Having said this, the adult-testing “stunt” doesn’t really prove anything because the adults weren’t taking the full test as designed. Presumably, a few “hard” questions were picked to prove a political point. It is entirely possible that the test was designed expecting most to miss these questions but still allowing students to pass.

Russ
Russ
8 years ago

“…some level of inspection and testing is necessary in any process.”
That’s not the conclusion of process improvement experts. See Deming’s 3rd Point.
“Cease dependence on inspection to achieve quality. Eliminate the need for inspection on a mass basis by building quality into the product in the first place.”

Dan
Dan
8 years ago

Russ – If you honestly can’t see the difference between “dependence on inspection” or “the need for inspection on a mass basis” and the and the qualified point I made, then this conversation is hopeless. To suggest that there should be no inspection or testing of a product whatsoever is totally absurd and flies in the face of the limited and reasoned testing that Deming actually advocated. Please don’t trot out your canned “don’t measure” line – he was using a rhetorical device to make a point; he wasn’t actually against any and all measurement – (unless he went totally senile in his old age and forgot his earlier writings).

Russ
Russ
8 years ago

Fair enough, but testing every student as a graduation requirement certainly qualifies as inspection on a mass basis. I’m not suggesting teachers should eliminate pop quizes. Only that high-stakes testing is an ineffective way to seek improvement in education.

Dan
Dan
8 years ago

I don’t think graduation should be based on a single test performance, but that doesn’t seem to be what’s happening here, as Marc explained. A good evaluation system uses metrics as guidelines but is flexible enough to accomodate special circumstances. I have no problem with testing per se as long as it is done responsibly and the test has been proven accurate. On the related topic, teacher evaluations should be informed by student test scores but that shouldn’t be the only metric.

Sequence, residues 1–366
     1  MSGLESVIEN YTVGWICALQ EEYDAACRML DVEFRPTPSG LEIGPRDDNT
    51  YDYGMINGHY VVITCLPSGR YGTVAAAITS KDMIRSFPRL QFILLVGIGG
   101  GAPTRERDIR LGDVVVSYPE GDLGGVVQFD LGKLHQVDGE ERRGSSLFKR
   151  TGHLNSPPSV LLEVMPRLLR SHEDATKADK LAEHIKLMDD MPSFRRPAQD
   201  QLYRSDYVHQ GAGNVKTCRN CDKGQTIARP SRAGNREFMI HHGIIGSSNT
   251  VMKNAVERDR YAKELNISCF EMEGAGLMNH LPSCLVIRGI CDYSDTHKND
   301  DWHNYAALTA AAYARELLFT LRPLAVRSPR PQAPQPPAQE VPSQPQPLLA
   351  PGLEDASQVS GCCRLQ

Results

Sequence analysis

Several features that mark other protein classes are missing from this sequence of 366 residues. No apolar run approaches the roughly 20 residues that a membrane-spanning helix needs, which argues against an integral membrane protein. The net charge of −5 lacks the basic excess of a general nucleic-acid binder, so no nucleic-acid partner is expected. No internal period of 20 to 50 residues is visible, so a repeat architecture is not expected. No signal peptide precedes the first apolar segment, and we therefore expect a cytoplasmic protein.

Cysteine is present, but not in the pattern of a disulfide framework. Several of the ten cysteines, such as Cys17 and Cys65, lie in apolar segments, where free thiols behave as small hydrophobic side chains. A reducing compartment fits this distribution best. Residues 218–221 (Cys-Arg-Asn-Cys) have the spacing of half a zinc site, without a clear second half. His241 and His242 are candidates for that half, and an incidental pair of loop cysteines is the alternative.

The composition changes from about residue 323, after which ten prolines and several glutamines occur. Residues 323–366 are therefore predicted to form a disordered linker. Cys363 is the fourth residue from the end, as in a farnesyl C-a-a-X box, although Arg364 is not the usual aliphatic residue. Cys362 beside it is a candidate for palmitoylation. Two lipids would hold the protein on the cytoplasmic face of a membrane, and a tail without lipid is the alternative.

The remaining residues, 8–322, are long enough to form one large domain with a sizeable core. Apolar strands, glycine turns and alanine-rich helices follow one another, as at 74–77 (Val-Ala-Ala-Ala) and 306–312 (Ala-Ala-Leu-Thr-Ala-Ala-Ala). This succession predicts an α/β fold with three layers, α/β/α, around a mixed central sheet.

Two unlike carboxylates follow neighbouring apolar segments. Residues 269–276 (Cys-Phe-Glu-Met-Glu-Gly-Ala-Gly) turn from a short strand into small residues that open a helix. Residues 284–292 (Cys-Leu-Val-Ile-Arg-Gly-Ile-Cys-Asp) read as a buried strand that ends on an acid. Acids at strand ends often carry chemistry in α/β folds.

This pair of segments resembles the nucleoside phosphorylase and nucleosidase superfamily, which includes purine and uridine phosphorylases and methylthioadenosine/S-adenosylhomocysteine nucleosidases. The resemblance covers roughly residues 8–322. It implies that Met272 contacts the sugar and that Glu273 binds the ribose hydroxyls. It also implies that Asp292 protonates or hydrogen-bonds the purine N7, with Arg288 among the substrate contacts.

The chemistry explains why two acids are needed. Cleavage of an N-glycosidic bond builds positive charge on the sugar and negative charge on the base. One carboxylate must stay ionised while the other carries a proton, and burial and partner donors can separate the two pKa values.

Russ
Russ
8 years ago

So what of Campbell’s Law? Here’s more about the effects of high-stakes tests from “Assessing the Impact of Planned Social Change” (you’d probably like this one, Dan).
http://www.globalhivmeinfo.org/CapacityBuilding/Occasional%20Papers/08%20Assessing%20the%20Impact%20of%20Planned%20Social%20Change.pdf
“…achievement tests may well be valuable indicators of general school achievement under conditions of normal teaching aimed at general competence. But when test scores become the goal of the teaching process, they both lose their value as indicators of educational status and distort the educational process in undesirable ways.”

Monique
Monique (@monique-chartier)
Editor
8 years ago

” teacher evaluations should be informed by student test scores but that shouldn’t be the only metric.”
And they are not.